# Experimental Study on the Propagation Characteristics of Rotating Detonation Wave with Liquid Hydrocarbon/High-Enthalpy Air Mixture

^{1}

^{2}

^{*}

## Abstract

**:**

^{2}s). Both the propagation velocity and peak pressure of the rotating detonation wave decrease as the mass flux and equivalence ratio are reduced while the number of detonation wavefronts increases. Detonation wave instability tends to occur when the inlet mass flux decreases. There is a transition progress from thermo-acoustic combustion to rotating detonation combustion in the experiment under the condition of mass flux 350 kg/(m

^{2}s) and the equivalent ratio 0.8. The static pressure in the chamber is higher during detonation combustion than during thermo-acoustic combustion. These experimental results provide evidence that rotating detonation waves have the potential to significantly improve propulsion performance. The findings can serve as a valuable reference for the practical engineering application of rotating detonation engines.

## 1. Introduction

## 2. Experimental Facilities

^{2}, and the nozzle throat area is 22,698 mm

^{2}. In the experiment, the inlet mass flux of the chamber is adjusted by the different mass flow rates of the vitiator components, but the temperature remains unchanged.

## 3. Results and Discussion

#### 3.1. One-Direction Propagation Mode for the Rotating Detonation Wave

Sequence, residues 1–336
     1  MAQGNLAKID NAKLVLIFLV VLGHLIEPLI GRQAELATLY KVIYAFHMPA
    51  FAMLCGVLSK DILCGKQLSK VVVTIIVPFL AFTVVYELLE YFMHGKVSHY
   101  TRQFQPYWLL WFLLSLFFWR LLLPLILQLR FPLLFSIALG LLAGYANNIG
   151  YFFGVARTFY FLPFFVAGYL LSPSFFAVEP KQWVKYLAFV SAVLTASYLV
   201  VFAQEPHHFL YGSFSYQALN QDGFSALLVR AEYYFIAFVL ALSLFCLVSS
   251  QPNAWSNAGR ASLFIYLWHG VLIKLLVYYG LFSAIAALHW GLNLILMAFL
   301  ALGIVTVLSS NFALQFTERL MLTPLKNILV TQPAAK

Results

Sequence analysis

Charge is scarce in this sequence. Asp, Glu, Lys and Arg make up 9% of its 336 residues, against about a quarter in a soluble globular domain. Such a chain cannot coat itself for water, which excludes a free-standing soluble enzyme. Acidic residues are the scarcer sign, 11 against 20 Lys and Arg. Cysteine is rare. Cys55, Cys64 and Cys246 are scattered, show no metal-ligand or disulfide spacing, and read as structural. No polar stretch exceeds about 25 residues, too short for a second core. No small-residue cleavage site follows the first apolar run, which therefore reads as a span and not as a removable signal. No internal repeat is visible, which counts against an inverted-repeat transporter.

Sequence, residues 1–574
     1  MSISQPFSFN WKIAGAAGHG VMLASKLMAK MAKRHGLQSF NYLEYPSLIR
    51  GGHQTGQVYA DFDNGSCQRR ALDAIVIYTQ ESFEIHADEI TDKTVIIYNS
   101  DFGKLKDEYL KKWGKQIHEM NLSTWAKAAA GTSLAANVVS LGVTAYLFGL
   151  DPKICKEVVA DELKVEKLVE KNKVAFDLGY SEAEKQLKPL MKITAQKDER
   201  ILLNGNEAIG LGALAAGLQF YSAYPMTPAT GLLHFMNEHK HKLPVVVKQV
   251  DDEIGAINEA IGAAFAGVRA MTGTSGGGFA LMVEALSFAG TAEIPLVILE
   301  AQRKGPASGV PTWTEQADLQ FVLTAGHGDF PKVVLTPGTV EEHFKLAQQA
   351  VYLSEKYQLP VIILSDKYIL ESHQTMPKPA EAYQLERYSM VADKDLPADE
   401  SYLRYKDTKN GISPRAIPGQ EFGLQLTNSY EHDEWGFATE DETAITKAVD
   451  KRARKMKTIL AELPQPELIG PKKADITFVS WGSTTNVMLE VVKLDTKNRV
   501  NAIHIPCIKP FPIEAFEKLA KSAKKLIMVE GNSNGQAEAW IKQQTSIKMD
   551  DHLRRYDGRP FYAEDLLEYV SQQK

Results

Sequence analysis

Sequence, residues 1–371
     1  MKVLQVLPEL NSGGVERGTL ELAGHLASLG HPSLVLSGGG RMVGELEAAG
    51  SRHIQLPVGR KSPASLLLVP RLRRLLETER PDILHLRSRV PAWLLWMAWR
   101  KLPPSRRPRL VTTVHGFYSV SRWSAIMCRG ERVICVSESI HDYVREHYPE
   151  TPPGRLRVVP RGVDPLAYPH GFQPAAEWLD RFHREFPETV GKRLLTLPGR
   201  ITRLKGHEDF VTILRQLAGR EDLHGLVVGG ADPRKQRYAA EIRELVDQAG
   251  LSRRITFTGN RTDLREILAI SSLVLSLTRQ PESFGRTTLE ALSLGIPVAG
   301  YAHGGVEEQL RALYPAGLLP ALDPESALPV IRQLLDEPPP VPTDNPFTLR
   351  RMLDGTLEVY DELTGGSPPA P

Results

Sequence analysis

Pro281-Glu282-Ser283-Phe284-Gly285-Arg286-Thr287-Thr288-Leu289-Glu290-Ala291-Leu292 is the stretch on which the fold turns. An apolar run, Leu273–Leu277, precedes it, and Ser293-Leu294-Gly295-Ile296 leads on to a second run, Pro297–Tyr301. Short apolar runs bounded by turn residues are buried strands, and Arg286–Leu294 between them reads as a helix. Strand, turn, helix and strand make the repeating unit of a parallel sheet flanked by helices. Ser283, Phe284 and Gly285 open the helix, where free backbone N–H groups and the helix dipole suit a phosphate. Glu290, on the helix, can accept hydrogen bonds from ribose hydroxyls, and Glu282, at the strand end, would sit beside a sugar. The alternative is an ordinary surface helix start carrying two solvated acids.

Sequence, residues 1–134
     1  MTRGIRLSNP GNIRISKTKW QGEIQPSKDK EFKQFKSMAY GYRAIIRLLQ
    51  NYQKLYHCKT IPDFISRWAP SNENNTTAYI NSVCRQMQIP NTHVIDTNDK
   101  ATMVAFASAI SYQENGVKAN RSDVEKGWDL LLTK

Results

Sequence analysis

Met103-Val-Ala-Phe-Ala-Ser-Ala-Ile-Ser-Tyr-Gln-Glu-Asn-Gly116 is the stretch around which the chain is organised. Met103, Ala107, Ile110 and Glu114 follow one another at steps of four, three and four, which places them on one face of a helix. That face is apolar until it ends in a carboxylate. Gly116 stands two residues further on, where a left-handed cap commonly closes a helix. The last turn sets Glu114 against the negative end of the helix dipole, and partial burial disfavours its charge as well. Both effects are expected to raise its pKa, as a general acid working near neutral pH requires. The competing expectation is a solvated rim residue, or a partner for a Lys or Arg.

^{2}s). As shown in Figure 3a, when the equivalence ratio is 0.8, the rotating detonation wave propagates in a fully developed single-wave mode. The average value of the detonation wave pressure peak is approximately 2 MPa, with a rotating detonation wave frequency of around 1814.4 Hz. The detonation wave propagation velocity can be calculated as 1710 m/s. As the equivalence ratio decreases, the detonation wave peak pressure decreases while the number of rotating detonation wavefronts increases. As shown in Figure 3b, the pressure sequences collected by PCB1 and PCB3 are similar, and the frequency of the rotating detonation wave is 3325 Hz, so it presents a two-wave, one-direction propagation mode for the rotating detonation wave when the equivalence ratio is 0.7. A three-wave, one-direction propagation mode of the rotating detonation wave appears when the equivalence ratios are 0.6 and 0.5, as depicted in Figure 3c,d, with the frequencies of the rotating detonation wave being 4810 Hz and 4701 Hz, respectively. The propagation velocity of the detonation wave is also provided in the pressure sequence figures. The detonation wave velocity is calculated by dividing the circumference of the outer cylinder of the combustion chamber by the time interval between two adjacent detonation wave peaks collected by PCB1. When the equivalent ratio decreases, the theoretical propagation velocity of the detonation wave decreases, and the decrease in the equivalent ratio is associated with a decrease in nozzle stiffness. This reduction in stiffness is influenced by factors such as decreased fuel injection pressure and diminished nozzle recovery time after the detonation wave passes. Consequently, the filling height of the subsequent cycle becomes insufficient, resulting in a decrease in detonation wave quality, peak pressure, and velocity. In the non-premixed chamber, a dual-wave system can emerge. This occurs when unburned reactants survive the leading detonation wave in the injector near field and are subsequently consumed within a trailing azimuthal reflected-shock combustion zone [39]. Furthermore, the trailing oblique shock wave reflects off the outer wall of the detonation chamber further downstream from the detonation wave. Since the detonation chamber lacks an inner tube structure, the unburned mixture begins to burn and gradually forms a new detonation front. Eventually, the system reaches a natural steady state of operation that balances mixture quality and wavefront quantity. Since the rotating detonation combustion cannot be initiated when the mixture equivalence ratio is lower than 0.5 in the tests, the equivalence ratio range is set between 0.5 and 0.8.